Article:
Caitlin Clineff, recruiting specialist and company ambassador for Myatt Landscaping in Raleigh, North Carolina, says these days, everyone is facing a labor shortage in the landscape industry. That’s why we can all benefit from how the industry is approaching employee recruiting strategies.
“We have to do something about this ourselves,” Clineff says.
The key time to start targeting students is in high school or earlier. “By the time a student is in college, they have already made up their mind, at least to some degree, about what they want to study. A student won’t decide to attend a land-grant university and enroll in horticulture if they haven’t been exposed to it at some point earlier in their life.”
At Myatt, positively changing the industry’s perception and recruiting new hires has meant a multi-faceted approach. Clineff has been developing strategies that work to not only draw young people to a future in the landscape industry, but that will also recruit new hires for the company’s more immediate needs.
She describes three ways in which she is approaching recruiting with success.
Employee Recruiting Strategy #1: Relate to Prospects Through Real Stories
In order to successfully recruit new hires, Clineff says prospects need to be able to “see themselves in a role.” This can be achieved by sharing stories so people can understand that horticulture is not just landscaping—but a true career path. Last fall, Clineff began sharing stories on a company blog and through social media channels like Instagram, Facebook and LinkedIn.
“You can talk in hypotheticals all day, but sharing an actual true story about yourself or one of your employees or coworkers is how you can really connect with people and help them visualize themselves within your company,” Clineff explains.
This also means showing people how many career paths are available within the industry—and that jobs and landscaping are not limited to certain demographics.
“If we want to attract more young people to the industry, we need to have more people on the front lines who folks can relate to,” Clineff adds. “Have people of all ages and backgrounds out there.”
Employee Recruiting Strategy #2: Show, Don’t Tell
In addition to telling real stories about real people, Clineff suggests applying this same strategy to face-to-face conversations with prospects. In order to do this, you need to switch up your typical narrative during interviews.
For instance, some say: “We have a strong culture of promoting from within. As a result, this is a great place to start a life-long career.” Instead, Clineff says you can “show” that same point you want to make by using real-life examples.
She suggests switching the narrative to something like: “You seem like a very motivated person. You remind me of Herbie, one of my coworkers. He started out in an entry-level position on the installation crew and became extremely skilled at detailed, high-quality installation and construction. Then he worked his way up to a crew foreman position and became one of two managers over the entire construction division. He just celebrated his 15th work anniversary with us last October. Additionally, he enjoys going fishing and target practicing with his coworkers.”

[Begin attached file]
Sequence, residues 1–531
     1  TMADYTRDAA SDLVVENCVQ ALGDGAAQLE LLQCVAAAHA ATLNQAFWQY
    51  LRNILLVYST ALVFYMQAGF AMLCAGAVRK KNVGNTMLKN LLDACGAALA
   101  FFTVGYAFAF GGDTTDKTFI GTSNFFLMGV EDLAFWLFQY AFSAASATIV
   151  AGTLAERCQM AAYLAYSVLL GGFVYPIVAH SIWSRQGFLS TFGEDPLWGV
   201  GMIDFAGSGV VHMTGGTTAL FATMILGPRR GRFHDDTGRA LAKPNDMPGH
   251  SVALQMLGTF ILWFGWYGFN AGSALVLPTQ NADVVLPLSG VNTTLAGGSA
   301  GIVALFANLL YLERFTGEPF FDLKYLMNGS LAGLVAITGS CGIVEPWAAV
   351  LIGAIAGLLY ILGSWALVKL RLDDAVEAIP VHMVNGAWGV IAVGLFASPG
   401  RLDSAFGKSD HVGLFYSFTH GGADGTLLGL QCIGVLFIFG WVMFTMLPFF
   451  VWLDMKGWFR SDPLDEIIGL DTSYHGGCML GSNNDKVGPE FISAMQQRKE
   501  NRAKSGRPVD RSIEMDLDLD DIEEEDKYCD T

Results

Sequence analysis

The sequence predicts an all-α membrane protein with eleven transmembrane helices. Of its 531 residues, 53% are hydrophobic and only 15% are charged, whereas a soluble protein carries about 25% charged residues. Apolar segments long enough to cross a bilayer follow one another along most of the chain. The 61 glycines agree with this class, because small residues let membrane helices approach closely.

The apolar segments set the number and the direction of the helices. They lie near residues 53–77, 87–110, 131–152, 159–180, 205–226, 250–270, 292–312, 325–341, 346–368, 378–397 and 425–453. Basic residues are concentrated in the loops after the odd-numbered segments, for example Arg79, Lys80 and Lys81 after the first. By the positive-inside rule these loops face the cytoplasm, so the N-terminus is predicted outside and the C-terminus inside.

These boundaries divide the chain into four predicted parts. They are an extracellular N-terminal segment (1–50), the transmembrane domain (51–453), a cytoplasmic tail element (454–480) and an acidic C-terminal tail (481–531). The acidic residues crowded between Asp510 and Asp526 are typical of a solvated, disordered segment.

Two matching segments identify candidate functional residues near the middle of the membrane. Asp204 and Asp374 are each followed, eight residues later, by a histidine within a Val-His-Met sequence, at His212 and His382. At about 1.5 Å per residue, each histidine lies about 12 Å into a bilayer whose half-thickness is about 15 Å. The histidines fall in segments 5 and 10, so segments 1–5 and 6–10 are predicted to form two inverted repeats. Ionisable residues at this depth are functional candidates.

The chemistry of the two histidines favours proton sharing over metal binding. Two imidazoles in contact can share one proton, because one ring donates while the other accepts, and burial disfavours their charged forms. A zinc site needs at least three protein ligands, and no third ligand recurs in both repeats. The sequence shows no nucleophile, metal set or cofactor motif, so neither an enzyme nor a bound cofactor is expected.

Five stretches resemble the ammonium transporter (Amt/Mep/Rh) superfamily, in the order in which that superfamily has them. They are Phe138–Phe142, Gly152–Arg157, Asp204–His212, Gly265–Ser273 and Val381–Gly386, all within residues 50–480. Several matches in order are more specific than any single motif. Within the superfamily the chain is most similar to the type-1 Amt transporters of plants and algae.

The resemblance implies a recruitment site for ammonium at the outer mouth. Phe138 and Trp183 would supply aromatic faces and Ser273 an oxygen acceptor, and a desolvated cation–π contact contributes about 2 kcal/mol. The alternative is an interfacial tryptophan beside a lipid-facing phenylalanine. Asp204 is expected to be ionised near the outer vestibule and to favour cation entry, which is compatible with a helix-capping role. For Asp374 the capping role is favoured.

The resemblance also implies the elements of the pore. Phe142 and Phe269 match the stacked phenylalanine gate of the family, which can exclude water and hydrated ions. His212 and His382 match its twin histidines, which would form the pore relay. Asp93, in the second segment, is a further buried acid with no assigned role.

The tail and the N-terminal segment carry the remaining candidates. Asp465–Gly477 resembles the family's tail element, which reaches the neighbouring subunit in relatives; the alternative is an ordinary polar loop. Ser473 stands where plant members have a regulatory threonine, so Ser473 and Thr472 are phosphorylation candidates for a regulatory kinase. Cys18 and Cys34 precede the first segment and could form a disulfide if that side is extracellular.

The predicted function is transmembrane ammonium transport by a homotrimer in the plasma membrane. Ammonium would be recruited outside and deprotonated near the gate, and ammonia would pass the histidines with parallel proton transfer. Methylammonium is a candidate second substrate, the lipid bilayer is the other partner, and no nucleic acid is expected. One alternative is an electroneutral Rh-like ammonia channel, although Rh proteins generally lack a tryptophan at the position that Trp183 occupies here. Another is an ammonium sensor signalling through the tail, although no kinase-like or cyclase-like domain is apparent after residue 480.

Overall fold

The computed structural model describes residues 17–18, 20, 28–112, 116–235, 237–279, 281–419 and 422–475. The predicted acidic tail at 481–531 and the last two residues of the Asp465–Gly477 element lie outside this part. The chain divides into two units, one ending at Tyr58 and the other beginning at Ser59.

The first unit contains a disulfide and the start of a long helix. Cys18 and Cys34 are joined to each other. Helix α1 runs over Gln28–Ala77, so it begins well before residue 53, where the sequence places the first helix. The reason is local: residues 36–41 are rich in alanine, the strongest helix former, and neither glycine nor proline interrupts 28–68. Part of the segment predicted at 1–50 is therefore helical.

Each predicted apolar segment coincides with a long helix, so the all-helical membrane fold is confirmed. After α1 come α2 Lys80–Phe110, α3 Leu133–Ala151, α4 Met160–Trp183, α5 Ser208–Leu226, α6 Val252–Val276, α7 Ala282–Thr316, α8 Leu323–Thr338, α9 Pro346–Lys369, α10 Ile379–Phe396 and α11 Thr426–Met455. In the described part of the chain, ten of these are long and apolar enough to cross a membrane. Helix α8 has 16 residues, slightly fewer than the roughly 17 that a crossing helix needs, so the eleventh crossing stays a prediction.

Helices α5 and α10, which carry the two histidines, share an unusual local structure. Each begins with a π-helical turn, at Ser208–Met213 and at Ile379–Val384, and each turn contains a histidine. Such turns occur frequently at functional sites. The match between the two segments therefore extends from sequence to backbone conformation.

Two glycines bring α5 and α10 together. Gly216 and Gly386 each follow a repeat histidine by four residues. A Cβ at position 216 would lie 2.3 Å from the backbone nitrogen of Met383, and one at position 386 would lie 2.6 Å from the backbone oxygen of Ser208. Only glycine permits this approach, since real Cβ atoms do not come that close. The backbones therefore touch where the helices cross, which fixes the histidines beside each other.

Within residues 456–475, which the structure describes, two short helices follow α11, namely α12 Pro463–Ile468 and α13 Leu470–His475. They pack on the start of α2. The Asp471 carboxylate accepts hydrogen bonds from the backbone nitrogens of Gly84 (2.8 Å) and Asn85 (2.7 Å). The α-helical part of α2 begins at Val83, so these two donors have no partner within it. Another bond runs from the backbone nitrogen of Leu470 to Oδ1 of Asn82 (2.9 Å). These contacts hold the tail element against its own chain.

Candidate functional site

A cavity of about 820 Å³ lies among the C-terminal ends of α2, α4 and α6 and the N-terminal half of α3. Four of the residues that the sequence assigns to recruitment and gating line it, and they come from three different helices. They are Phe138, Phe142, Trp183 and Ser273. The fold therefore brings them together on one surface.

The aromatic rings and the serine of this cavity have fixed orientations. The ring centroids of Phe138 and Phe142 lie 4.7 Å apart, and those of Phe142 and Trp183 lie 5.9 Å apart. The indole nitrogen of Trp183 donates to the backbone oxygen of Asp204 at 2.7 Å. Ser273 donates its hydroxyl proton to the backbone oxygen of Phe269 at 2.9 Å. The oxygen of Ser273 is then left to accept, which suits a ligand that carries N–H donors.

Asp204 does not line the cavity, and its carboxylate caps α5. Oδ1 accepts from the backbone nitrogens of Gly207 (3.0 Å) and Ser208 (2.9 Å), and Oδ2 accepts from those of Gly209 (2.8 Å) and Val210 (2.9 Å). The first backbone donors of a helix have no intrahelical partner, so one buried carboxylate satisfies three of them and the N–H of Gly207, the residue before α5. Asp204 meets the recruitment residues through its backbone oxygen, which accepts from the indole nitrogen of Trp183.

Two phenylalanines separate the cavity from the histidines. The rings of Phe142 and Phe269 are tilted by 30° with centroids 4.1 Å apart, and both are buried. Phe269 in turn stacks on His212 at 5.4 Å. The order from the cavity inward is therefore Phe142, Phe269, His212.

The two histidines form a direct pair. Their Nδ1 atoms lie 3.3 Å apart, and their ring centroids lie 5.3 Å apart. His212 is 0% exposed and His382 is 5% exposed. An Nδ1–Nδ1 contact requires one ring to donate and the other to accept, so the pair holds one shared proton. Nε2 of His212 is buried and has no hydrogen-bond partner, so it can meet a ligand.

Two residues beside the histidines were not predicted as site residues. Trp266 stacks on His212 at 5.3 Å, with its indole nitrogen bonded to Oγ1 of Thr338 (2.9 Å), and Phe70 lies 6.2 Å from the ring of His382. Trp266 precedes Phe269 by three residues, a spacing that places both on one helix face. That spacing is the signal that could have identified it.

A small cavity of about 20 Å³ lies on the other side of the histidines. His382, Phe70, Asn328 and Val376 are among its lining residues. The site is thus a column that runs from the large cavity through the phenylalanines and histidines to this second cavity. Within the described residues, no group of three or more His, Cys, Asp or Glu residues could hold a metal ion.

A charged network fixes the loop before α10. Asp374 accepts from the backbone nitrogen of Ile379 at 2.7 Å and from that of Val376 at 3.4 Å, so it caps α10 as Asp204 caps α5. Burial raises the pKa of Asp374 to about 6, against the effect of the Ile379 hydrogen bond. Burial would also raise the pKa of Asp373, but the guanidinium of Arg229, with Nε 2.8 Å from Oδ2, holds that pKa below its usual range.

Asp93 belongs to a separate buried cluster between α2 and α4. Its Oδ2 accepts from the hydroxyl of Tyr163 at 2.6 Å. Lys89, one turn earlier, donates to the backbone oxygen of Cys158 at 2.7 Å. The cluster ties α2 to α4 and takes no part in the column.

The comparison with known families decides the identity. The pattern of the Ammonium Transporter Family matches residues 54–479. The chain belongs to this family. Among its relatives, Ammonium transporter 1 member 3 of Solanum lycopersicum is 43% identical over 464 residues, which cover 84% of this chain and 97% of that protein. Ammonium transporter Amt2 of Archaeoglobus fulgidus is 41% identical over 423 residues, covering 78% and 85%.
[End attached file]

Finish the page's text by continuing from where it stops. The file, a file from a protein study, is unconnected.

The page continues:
By telling a story—and showing what you want to say—the prospect has learned a lot. It’s important to show the type of work you do, a strong focus on training and development, a promote-from-within culture, employee longevity, and that it’s a friendly place to work where people like to hang out–even outside of work.
“It also gives them a way to start visualizing what their own company career path might look like,” Clineff adds.
Employee Recruiting Strategy #3: Connect with Organizations and Schools
Whether students want to pursue college or not, they need to see the landscape industry is a great option.
“We need to reach those students who may not have a plan to go to college. We must let them know our industry can provide training, apprenticeships and great paying jobs that support families,” she says.
Working directly with high schools or middle schools to host career day events and field trips is one way to do this. You can also attend job fairs and assist with career development activities like mock interviews.
“You can also work with youth organizations such as 4-H, FFA, Boys and Girls Clubs, Scouts, Girl Scouts, and others,” Clineff says. “A lot of these organizations have landscape or plant-related activities that youth can participate in such as horticulture projects, plant ID competitions, landscape badges, and community service that could involve planting trees or installing mulch within the community. Even if you don’t have time right now to be very hands-on, you could start by sponsoring your local FFA banquet or donating flowers to plant at a school.”
In her region, Clineff identified 13 high schools that were within driving distance of the office and then researched which ones offered horticulture or agriculture classes or had an FFA program. There were eight that she initially contacted and connected with. That has now grown to 10 high schools and five community colleges in which Myatt is involved.
Clineff suggests a variety of ways to collaborate and “introduce career possibilities” to students. Some of these include hosting a facility tour with hands-on activities, assisting with class curriculum, sponsoring a local university or community college participating in the NALP NCLC event, and offering internships for both high school and college students. There are opportunities for everyone—from those who only want a minimal investment to those who want to get incredibly involved.